If the arts are referenced in relation to sustainability it is usually assumed that the arts will be better than scientists and others at communicating the facts to individuals, who will then change behaviours and practices to reduce carbon emissions. But providing information is ineffective at delivering change, and it isn’t a job the arts are necessarily well qualified to do. There is talk of the ‘emotional’ capacity of the arts to make concepts such as climate change more meaningful, but even if this works, research shows that simply changing attitudes or beliefs is not enough to change behaviour, let alone deeper ways of being.
The role of the arts that we understand at Creative Carbon Scotland is not one which focuses on individuals, but one which seeks to change ways of thinking at a societal level in order to bring about the transition to a sustainable society. Art is nearly always a collective business of transformation. The performing arts have a collective quality built in, but even when a poem, book or picture is experienced by an individual, the artist has created it in order for more than one person to read or view. Nearly always an artist wants to change the world in some way, even though it may be microscopically: provide a new viewpoint, new knowledge, a new understanding. No artist works hard just to do the same as something that already exists. Equally audiences (including viewers, readers etc) seek to be changed in similar ways. A successful work of art provides that jolt of understanding, even if that is just a re-recognition of an insight we’ve forgotten. Really successful artworks provide new understandings each time we revisit them as each time the audience is, and in the performing arts the interpreting artists are, different.
Regardless of Brexit, and whether or not we achieve the transition to a low carbon future, our way of being in the world is going to be massively changed by climate change. If we are successful we will be living according to values that are not defined by perpetual growth, consumption and disposal – a way of living that is incompatible with a low carbon future. If we fail, the physical, social and economic impacts of climate change will have changed the world we live in. Either way, society is going to need to think in different ways.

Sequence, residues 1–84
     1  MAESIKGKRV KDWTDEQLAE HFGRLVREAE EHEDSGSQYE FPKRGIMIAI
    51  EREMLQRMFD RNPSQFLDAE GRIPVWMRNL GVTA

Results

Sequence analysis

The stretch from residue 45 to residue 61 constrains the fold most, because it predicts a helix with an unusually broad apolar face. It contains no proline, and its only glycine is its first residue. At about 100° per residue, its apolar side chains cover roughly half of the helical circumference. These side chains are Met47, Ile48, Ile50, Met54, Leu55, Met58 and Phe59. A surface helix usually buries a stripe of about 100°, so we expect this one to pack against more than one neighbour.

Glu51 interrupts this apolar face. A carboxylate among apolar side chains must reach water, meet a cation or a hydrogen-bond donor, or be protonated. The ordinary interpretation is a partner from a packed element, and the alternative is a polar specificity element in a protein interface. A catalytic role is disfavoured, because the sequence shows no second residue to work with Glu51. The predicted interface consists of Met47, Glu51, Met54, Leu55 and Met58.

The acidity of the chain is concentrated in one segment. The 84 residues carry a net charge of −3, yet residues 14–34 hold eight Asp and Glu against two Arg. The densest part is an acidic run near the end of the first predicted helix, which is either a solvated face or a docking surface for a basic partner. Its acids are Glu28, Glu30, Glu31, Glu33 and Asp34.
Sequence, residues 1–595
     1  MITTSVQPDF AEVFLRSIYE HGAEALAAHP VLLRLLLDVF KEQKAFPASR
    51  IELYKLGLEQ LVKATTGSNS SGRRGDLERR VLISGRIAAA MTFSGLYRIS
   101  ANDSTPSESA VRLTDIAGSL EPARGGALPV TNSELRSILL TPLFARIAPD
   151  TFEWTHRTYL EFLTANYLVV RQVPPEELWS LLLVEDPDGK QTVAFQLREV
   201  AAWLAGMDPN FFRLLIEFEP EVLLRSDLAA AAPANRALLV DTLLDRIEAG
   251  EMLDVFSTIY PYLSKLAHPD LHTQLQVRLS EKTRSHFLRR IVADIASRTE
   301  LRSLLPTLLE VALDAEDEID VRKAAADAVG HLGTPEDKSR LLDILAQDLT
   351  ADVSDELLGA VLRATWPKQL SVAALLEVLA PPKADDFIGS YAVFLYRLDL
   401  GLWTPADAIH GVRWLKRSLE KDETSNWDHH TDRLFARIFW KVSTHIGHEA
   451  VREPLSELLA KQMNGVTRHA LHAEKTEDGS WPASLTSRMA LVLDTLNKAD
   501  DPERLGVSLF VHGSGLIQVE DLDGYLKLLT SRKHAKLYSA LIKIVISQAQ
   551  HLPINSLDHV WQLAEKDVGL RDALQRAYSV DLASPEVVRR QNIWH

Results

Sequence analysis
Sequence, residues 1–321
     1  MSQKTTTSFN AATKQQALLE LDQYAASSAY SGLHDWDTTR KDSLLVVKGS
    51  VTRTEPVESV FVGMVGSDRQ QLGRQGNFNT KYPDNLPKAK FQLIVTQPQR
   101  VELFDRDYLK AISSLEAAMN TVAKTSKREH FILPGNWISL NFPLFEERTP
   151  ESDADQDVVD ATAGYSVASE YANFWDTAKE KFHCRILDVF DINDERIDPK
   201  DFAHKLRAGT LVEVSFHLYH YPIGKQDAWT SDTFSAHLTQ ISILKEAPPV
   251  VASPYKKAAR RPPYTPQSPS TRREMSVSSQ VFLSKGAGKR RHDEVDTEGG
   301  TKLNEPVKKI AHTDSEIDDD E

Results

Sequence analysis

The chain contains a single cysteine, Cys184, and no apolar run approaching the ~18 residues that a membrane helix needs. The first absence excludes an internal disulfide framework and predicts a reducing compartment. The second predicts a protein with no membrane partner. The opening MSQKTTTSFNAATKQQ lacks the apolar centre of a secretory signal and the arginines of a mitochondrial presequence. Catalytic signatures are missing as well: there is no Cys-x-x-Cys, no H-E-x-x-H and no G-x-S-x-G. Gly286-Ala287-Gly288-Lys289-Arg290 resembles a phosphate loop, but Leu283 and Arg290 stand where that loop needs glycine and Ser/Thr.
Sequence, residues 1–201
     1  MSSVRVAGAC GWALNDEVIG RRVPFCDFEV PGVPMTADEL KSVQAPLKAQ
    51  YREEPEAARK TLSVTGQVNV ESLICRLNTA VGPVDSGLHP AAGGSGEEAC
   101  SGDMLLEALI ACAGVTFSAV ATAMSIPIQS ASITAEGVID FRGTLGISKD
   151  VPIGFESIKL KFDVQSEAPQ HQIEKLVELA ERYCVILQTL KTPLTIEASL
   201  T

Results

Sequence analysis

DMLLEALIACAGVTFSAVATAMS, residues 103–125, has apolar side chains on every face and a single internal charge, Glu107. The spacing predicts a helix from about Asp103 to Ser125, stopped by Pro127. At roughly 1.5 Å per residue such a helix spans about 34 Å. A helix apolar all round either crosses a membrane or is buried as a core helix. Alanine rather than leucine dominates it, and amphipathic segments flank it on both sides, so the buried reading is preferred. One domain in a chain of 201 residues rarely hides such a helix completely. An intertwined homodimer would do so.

Arts venues and the organisations that run them are places where society meets to debate, question and discuss. Let’s be part of the Climate Conversations. We’ll be working hard to ensure that the arts are involved: keep an eye on the Creative Carbon Scotland website for more information.
The post Ben’s Strategy Blog: Brexit, Climate Change and the Arts appeared first on Creative Carbon Scotland.
Creative Carbon Scotland is a partnership of arts organisations working to put culture at the heart of a sustainable Scotland. We believe cultural and creative organisations have a significant influencing power to help shape a sustainable Scotland for the 21st century.
In 2011 we worked with partners Festivals Edinburgh, the Federation of Scottish Threatre and Scottish Contemporary Art Network to support over thirty arts organisations to operate more sustainably.
We are now building on these achievements and working with over 70 cultural organisations across Scotland in various key areas including carbon management, behavioural change and advocacy for sustainable practice in the arts.
Our work with cultural organisations is the first step towards a wider change. Cultural organisations can influence public behaviour and attitudes about climate change through:
Changing their own behaviour;
Communicating with their audiences;
Engaging the public’s emotions, values and ideas.
Powered by WPeMatico